What’s On - Music & Events

Coastal View & Moor News Issue 90 June - July 2018

Come And Enjoy A Summer Concert Celebrating The 30Th Anniversary Of The White Rose Singers With Supporting Artistes Baritone - Bill Greenwood Harpist - Sarah Paterson 0n FRIDAY - 29 JUNE 2018 at 7.00pm St Mark’s Church, Redcar Road, Marske Tickets £6.00 to include buffet supper For more information and tickets contact: Maureen Baier Tel: 01642 282084 Skelton & Brotton Parish Council Proudly Presents

Eligibility: Any age, must reside in Skelton & Brotton Parish area.

Civic Hall, Skelton: Saturday 18th August, shows start at 1:30pm & 6:00pm

St. Peter’s School, Brotton:

The White Rose Singers celebrate 30 years


he White Rose Singers are hosting a celebration concert at St Marks Church, Redcar Road, Marske on Friday29th June at 7p.m. All are welcome to enjoy a new programme of wonderful music and will be supported by baritone, Bill Greenwood and harpist Sarah Patterson. The White Rose Singers were formed in 1987 by Betty Ord with some members from the Yorkshire Country Women’s Association and Friends. To keep the ‘Yorkshire’ connection Betty decided to call the new choir ‘The White Rose Singers’ and the ladies wear a white rose to this day. Subsequent conductors were Maureen Tanner together with Enid Feetonby as


Wednesday 22nd August, shows start at 1:30pm & 6:00pm

Pianist and then Caroline Scales joined the choir in the late 1990’s as Musical Director and Geoff Foxall later joined as Pianist and the only gent in the choir! The ladies (and Geoff) practice every Monday Afternoon at Marske Leisure Centre and anyone interested in joining the choir should telephone the number below. The choir has gone from strength to strength with over 40 members and has performed at York Minster and The Sage at Gateshead and enjoyed many local concerts in Marske, Guisborough and Saltburn and the surrounding area . They have also performed at many weddings, funerals and birthday celebrations. Every year the choir raises funds to not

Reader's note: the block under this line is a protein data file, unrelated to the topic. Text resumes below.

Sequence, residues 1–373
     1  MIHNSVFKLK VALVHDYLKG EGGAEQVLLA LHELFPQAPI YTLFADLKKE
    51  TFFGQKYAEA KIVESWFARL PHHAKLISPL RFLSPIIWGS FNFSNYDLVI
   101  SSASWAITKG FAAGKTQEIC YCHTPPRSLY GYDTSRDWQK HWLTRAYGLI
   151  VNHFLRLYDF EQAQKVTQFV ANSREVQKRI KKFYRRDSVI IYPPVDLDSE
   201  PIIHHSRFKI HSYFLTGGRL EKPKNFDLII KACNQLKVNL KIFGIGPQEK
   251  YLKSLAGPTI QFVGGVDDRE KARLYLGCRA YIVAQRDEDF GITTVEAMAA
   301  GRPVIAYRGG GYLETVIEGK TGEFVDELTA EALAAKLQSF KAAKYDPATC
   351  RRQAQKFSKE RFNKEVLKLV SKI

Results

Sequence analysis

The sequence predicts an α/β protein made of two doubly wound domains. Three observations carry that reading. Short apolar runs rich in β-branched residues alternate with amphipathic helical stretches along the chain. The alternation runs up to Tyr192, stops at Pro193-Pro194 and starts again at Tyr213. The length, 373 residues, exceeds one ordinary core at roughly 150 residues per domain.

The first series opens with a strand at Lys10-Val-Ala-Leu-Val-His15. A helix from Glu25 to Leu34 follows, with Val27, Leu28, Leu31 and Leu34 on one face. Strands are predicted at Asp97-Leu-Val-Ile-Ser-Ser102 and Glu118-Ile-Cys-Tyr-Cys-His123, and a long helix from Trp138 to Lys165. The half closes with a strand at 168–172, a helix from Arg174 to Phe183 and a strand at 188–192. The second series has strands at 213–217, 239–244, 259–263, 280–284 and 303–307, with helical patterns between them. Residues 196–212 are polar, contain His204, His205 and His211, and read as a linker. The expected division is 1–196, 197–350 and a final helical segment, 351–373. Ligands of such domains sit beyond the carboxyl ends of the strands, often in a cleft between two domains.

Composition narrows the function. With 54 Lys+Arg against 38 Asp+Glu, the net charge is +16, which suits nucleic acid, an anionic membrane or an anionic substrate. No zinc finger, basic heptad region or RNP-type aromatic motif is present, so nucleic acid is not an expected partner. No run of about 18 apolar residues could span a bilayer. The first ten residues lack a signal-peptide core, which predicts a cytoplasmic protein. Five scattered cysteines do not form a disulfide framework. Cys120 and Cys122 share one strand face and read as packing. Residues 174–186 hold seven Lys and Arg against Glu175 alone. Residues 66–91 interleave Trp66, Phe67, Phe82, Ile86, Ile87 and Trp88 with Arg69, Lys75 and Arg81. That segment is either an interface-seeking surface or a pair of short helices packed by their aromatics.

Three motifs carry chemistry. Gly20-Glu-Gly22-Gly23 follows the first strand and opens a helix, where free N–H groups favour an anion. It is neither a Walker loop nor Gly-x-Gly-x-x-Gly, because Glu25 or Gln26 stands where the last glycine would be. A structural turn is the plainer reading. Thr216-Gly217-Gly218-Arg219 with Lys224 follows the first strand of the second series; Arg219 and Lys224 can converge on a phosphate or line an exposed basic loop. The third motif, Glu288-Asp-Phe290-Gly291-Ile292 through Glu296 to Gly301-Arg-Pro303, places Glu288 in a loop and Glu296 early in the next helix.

only support themselves but to donate to dedicated charities and local good causes that need help. The White Rose Singers have enjoyed wonderful support from the local community and would like to take this opportunity at their celebration concert to thank the members of the audience, some of whom have attended concerts across three decades. Tickets for the concert are £6 per person to include a buffet supper. Disabled toilets are available. Please contact Maureen Baier for tickets on 07745 490665 or Caroline Scales regarding bookings or enquiries on 07725 882828 or email


Eligibility: Residents of Skelton and Brotton Parish Council Area Children Aged between 5 and 11

Funded by: Skelton and Brotton Parish Council 12.50 pm – 3 pm Tuesday 24 & 31 July & 7 August 2018 @ Skelton Civic Hall 12.50 pm – 3 pm Thursday 26 July and 2 & 9 August 2018 @ St Peter’s School Hall, Brotton

Let It Glow!

A dance cardio fitness class to current chart hits and Disney hits (for the younger years) using battery operated glow stick




Tickets are free, with a limited number available.

MAX 30 CHILDREN PER SESSION (BOOKING REQUIRED) Please book via Bookings open Monday 4th June 2018 for the above sessions

Tickets available from Saturday 7th July 2018 from Skelton Civic Hall - (01287) 348008 or B.U.R.T Theatre - 07479252044. Doors open 30 minutes before each performance. Children must be accompanied by an adult In association with B.U.R.T Theatre